Al-Dhaidi expects to hear severe objections to the plan from the Iraqi and Lebanese delegations under the sway of Iran and Qatar in alignment with the Muslim Brotherhood.

"Unfortunately, we will see a large market for trading again on the Palestinian issue, without any feeling of 'realistic' responsibility towards this victimized people," he said.

Alignment between American, Saudi, and Emirati positions on the need to check Iranian power in the region has led these Arab states to push the Palestinians to engage with the Trump plan.

"Some regimes deal with the question of Palestine as a door to provide services to America in exchange for its satisfaction," said Azmi Bishara, a leading Palestinian intellectual and general director at the Arab Research Center in Doha, Qatar.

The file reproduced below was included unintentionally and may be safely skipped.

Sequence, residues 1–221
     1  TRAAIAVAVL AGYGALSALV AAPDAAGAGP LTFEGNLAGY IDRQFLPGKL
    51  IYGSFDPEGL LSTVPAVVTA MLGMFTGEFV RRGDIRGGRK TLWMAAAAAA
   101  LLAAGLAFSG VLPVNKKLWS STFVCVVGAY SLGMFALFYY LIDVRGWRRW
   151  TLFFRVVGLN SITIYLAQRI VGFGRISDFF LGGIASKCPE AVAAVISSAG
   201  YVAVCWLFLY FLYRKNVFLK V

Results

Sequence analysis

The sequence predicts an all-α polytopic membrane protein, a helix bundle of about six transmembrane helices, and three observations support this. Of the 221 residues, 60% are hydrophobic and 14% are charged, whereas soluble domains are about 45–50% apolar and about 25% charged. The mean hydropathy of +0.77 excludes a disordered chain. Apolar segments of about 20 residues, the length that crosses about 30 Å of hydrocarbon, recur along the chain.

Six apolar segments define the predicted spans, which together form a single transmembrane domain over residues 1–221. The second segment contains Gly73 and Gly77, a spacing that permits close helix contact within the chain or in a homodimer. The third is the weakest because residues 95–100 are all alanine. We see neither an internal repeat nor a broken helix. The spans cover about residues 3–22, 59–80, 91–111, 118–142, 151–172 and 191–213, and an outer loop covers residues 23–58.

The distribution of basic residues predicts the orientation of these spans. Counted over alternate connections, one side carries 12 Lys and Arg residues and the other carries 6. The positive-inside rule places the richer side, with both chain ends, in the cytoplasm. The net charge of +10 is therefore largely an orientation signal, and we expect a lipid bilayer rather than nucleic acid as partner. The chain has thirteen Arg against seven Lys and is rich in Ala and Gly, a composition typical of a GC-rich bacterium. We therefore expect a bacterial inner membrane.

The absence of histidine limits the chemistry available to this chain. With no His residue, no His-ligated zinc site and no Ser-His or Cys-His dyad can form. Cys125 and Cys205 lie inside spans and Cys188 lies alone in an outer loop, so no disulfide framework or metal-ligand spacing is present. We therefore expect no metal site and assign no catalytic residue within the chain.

"Arab states cannot take a serious stand in opposing this American plan as long as their first concerns are their inter-conflicts. Pressure will begin on Arab countries to declare their support and to pressure the authority in Ramallah," Bishara predicted, referring to the West Bank city.

Palestinian protesters chant angry slogans during a protest against a new U.S. Mideast peace plan, in Gaza City, Jan. 28, 2020.

Whatever doubts there may be on the streets of Cairo about the "deal," Egypt's President Abdel Fattah al-Sissi is dependent on aid from the Gulf and U.S. financial assistance.